By Barley Laing, UK managing director at Melissa
Unfortunately, as costly as they are, returns aren’t something that retailers can avoid, with customers wanting to return purchases for a variety of reasons.
However, one area of returns retailers can control is in preventing ‘return to sender’ scenarios, which is caused by poor quality customer data – particularly address data.
Customer provided data in the mobile age
A major issue for retailers is a growing reliance on customer provided data in the mobile age. Customers typing in their contact information on a small screen are much more likely to mistype, with any mistakes leading to at best a possible delay with the delivery, at worst, it’s returned to sender.
But it’s not only an issue with customer provided data – call centres make mistakes too when inputting customer details. So it’s perhaps not surprising that approximately 20 per cent of addresses entered online contain errors such as spelling mistakes, wrong house numbers, and inaccurate postcodes.
These mistakes not only cost retailers money in handling the return, storage, re-contacting the customer and in re-shipping, but in reputation, because an unhappy shopper with a poor experience can have an impact on customer retention.
The simple answer to prevent non-deliverable returns is for retailers to have access to accurate and verified customer data. The best time to ensure accurate data is at the customer onboarding stage, when they are about to make a purchase. Then, on an ongoing basis, use data cleansing tools to ensure the contact data remains up to date and therefore valid.
As a matter of course all retailers should have access to autocomplete functionality to ensure accurate address data is collected – regardless of where their customer is located globally. These tools will automatically reveal a suggested correct version of the address as the customer completes an online contact form, enabling them to select one that’s not only accurate but easily recognised, and correctly formatted for their country location. Another benefit of autocomplete is that as well as preventing mistakes caused by fat finger syndrome, it reduces the number of keystrokes required when typing an address by up to 70 per cent. This speeds up checkout and reduces shopping cart abandonment.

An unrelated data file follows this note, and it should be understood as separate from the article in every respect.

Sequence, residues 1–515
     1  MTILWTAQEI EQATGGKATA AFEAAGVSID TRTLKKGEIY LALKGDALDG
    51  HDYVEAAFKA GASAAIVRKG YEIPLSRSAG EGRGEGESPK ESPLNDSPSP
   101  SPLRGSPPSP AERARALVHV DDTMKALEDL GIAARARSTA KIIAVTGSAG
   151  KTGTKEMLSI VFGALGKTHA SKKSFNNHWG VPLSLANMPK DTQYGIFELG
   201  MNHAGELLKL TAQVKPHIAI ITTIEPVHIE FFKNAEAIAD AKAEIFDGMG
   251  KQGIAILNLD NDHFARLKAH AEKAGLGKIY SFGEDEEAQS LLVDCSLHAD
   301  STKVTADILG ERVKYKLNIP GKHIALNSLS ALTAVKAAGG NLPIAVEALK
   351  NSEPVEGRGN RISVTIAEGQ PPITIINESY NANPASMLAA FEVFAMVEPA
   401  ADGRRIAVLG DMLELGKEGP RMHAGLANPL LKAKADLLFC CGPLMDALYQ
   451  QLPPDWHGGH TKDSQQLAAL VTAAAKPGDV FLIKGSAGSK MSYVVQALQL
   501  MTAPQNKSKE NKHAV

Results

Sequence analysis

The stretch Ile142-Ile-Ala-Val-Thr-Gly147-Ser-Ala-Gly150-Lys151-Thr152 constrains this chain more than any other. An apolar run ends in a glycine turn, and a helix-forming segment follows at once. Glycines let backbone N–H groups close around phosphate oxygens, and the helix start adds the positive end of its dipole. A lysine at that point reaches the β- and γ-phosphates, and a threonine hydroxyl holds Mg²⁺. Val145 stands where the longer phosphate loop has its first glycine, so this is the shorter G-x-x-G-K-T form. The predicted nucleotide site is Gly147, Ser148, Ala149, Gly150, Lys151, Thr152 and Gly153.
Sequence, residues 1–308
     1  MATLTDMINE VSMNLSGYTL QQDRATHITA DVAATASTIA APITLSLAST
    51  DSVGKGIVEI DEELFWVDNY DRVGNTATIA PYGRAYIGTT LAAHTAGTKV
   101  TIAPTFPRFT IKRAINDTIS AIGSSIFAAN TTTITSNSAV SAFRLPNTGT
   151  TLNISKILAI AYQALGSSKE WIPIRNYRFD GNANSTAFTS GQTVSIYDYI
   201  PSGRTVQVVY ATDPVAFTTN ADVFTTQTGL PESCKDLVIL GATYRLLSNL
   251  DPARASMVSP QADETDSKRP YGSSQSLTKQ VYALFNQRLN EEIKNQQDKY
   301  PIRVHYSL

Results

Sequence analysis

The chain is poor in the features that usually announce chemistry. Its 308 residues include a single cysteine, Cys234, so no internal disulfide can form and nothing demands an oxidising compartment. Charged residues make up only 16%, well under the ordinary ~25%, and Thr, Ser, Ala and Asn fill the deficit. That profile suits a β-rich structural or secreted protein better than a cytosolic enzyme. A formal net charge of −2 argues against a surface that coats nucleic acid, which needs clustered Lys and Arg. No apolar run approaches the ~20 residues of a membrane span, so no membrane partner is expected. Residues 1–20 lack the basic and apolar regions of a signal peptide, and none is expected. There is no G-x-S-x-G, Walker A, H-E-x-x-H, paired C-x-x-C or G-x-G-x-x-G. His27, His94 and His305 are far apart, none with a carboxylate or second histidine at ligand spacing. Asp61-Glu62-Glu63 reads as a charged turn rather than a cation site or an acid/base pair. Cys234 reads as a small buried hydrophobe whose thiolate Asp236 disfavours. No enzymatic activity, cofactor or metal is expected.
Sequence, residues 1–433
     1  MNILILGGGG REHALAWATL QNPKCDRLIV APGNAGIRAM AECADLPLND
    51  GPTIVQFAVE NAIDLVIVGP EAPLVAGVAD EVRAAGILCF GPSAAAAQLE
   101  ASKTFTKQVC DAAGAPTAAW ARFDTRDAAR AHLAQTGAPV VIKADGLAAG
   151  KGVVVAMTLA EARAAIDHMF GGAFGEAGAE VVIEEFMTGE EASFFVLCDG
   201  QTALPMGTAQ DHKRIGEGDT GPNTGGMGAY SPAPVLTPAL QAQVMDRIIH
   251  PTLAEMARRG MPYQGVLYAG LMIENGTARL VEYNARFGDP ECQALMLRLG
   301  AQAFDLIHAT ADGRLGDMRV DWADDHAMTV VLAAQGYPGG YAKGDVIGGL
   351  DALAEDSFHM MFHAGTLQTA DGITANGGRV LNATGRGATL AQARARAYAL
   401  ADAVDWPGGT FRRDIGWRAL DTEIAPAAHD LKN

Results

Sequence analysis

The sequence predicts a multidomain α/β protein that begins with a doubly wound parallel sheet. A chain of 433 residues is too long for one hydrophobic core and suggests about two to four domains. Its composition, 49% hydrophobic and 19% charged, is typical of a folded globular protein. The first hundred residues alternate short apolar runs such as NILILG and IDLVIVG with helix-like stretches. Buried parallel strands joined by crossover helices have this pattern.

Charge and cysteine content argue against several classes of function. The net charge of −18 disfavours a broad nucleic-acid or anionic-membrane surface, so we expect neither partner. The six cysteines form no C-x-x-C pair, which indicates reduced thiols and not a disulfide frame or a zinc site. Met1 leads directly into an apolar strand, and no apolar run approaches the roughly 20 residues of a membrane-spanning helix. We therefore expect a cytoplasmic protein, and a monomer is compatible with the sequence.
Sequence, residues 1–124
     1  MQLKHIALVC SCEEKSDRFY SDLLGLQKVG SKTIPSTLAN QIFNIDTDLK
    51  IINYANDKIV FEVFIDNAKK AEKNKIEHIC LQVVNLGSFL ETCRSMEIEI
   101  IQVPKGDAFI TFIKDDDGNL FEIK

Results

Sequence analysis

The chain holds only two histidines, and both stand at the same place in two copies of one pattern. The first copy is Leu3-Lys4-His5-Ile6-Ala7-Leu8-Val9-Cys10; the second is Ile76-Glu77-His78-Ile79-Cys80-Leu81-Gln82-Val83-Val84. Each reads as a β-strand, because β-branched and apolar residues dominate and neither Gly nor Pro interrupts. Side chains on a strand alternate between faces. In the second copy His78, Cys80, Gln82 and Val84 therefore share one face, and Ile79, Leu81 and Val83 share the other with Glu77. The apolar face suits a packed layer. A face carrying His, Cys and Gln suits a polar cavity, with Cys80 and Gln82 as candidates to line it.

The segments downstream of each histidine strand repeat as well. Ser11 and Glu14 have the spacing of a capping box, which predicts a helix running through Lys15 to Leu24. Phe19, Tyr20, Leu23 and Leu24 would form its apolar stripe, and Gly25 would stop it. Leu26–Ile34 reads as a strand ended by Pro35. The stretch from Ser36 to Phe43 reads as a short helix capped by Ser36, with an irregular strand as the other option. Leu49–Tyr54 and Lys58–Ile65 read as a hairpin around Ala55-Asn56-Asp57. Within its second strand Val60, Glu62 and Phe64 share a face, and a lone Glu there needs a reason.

It’s also advisable to ensure data quality and accuracy by verifying a customer’s entire record. This is something that’s particularly important if you are selling a high value item, because it also helps to prevent fraudulent purchases. A key part of this involves undertaking know your customer (KYC) checks to confirm that the person you are engaging with is who they say they are. To do this it’s important to source a data partner with access to trusted reference data from sources such as the credit agencies and the electoral roll, so they can use it to cross-validate a consumer’s data for proof of address – importantly connecting the individual to a specific address. Additionally, phone numbers can have live status and registered user checks, and email address verification can take place with mailbox validity checks to protect the merchant from spam traps. All this activity needs to take place in real-time so there’s no delay and therefore impact on the customer experience.
Having accurate customer data puts retailers in a position to go further in improving logistics and reducing shipping costs. They can do this by adding geocodes to customer addresses that deliver precise geographic (rooftop) latitude and longitude coordinates. Using this information it’s possible to calculate the shopper’s distance from distribution points, enabling a real-time calculation of shipping costs. This allows retailers to present a number of price levels depending on how fast the customer wants delivery. Furthermore, using geocoding helps to power sales and marketing efforts such as sales clustering.
Retailers, particularly those in e-commerce, must embrace best practice with address data quality in 2020, to not only cut back on return to sender issues but also ensure happy customers in a highly competitive marketplace. And if they also go to the extra effort of ID verification and geocoding as an extension of this process they will be richly rewarded.